February is Black History Month and thanks to the founders and all the people who lift Black voices, we now celebrate Black people’s achievements throughout history and around the world.

Ever wonder why Black History Month is in February? In 1915 historian Carter G. Woodson co-founded the Association for the Study of Negro Life and History. In 1926 the group declared the second week of February as “Negro History Week,” because the birthdays for abolitionist Frederick Douglass and President Abraham Lincoln are that week. In 1976, President Gerald Ford extended the week to the entire month of February to “seize the opportunity to honor the too-often neglected accomplishments of Black Americans in every area of endeavor throughout our history,”  Below are book recommendations and resources that can be used not only in February, but year around to celebrate Black history.

“Mae Among the Stars’ inspires children to follow their dreams. Mae Jemison was the first Black American woman astronaut, a dream she had as a child. When her classmates made fun of her and her teacher suggested she be a nurse instead, Mae’s parents supported her, “If you can dream it, if you believe it and work hard for it, anything is possible.” Mae pursued her dream to wave to her parents from space and she did just that. Through this story, author Roda Ahmed, makes following our dreams accessible to all children. Stasia Burrington’s illustrations show an appreciation for a child’s excitement when pursuing a dream. The book is recommended for children four to eight.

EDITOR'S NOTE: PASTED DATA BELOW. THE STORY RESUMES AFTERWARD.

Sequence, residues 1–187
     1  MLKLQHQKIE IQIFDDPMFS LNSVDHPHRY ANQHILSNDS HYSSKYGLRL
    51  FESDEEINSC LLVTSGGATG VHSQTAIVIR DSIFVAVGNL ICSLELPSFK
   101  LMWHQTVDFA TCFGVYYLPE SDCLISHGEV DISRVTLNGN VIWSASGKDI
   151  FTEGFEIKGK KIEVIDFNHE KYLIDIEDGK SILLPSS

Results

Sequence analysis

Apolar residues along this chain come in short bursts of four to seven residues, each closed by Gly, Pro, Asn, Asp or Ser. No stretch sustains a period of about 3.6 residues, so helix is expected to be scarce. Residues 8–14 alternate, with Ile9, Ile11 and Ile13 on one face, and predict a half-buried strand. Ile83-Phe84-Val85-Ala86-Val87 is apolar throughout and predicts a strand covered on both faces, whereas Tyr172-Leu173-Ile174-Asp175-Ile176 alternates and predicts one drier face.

“Young, Gifted, and Black” commemorates 52 visionary Black leaders around the world. The title comes from a song of the same name written and performed by the talented Nina Simone. The book includes a tribute for each person, describing their life and achievements, which are inspirational. It is a fantastic way to pique curiosity to learn more about a particular person or about the many more who are not in the book. The author, Jamia Wilson says, “This book is a beginning, not the end.” And encourages students: “Let’s look to the lessons of the past while imagining what’s possible when we dare to be bold.” Illustrator, Andrea Pippins’ drawings of each individual celebrates their achievements with a cheerful color palette. The book is recommended for children ages seven to ten.

“This Jazz Man” by Karen Ehrhardt celebrates ten black jazz musicians. The words are meant to be sung using “This Old Man” tune. It also encourages counting skills, movement, and singing along. The back of the book includes a biography for each musician. The illustrations by  R. G. Roth are whimsical and fun. There are also several YouTube videos of people singing along to the book. If you do an online search for This Jazz Man, you can pick what you like best. Through my local library app, I listened to the 20-minute audio version narrated by James “D-Train” Williams, which does not include the paper book, so you miss out on the illustrations. This particular audio version emphasizes the musicians and music. Thus, giving you many options, obtain a paper copy and sing along with your kids, sing along with someone on YouTube, or listen to the audio version where you can move to the music to your heart’s content. The age recommendation is four to seven.

Here are more resources:

The 1619 Project is bringing to light a new origin story for the United States. The website has books for adults and children, and lesson plans. 

Great ideas and resources from We Are Teachers to celebrate Black History Month year around. 

Books, videos, and more ideas on how to teach children Black history from PBS

These books are available at your library or your local bookstore. Let us always celebrate and appreciate each other every day, all year around.

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